University students in parts of Papua New Guinea are refusing to go to class, in protest at the government’s new Judicial Conduct Law.
Students have joined trade unions in calling on authorities to repeal the controversial law, which gives the government the power to sack senior judges.
Prime Minister Peter O’Neill has suspended the application of the law while the Law Reform Commission holds an inquiry into its scope.
Joe Kaowai, from Lae’s University of Technology , told Radio Australia the majority of the country has not been consulted about the law.
“They are trying to influence the judiciary arm of the government, ” he said..
“They don’t want independence so what we want, what the students want, is for these three arms of the government to remain independent.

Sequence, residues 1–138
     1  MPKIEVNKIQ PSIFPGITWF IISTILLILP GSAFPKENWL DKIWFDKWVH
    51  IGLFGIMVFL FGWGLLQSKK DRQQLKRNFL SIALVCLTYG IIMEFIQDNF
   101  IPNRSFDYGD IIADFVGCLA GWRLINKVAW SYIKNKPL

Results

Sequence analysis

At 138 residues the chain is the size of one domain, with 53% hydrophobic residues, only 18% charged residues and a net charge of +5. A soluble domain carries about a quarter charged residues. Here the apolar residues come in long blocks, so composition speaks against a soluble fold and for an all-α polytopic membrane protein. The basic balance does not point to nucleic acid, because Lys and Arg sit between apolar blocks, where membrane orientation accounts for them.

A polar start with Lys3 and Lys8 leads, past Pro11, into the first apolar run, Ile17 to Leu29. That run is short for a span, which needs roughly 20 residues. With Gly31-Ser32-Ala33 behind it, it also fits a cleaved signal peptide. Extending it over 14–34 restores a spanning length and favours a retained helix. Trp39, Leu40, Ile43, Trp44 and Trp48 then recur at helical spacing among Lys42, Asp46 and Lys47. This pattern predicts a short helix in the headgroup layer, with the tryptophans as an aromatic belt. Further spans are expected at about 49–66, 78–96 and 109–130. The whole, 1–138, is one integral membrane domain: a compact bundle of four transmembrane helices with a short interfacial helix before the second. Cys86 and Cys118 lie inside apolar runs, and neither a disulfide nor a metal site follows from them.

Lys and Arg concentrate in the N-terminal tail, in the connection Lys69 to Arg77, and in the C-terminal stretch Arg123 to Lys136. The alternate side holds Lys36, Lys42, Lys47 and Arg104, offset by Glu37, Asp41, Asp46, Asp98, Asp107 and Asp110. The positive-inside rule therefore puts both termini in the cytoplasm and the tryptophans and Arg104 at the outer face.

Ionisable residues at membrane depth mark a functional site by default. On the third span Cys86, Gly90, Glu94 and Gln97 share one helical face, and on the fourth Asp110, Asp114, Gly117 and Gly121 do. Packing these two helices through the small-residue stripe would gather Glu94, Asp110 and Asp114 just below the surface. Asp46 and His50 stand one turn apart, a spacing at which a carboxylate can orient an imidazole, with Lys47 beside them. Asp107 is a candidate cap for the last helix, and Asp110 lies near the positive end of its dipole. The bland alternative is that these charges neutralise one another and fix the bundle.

“We are talking and fighting on behalf of the silent majority of this country.”
The secretary of the Papua New Guinea Commission of Inquiry into the sinking of the MV Rabaul Queen says hearings will begin after Easter.
The ferry sank off the coast of Morobe province almost two months ago and although disaster officials now put the death toll at 220, estimates of the number who died have ranged from 100 to more than 300.
Plans for an inquiry at an estimated cost of about six million US dollars were announced within days of the sinking and commissioners appointed but Mathew Yuangu says the government had to find the money before work could begin.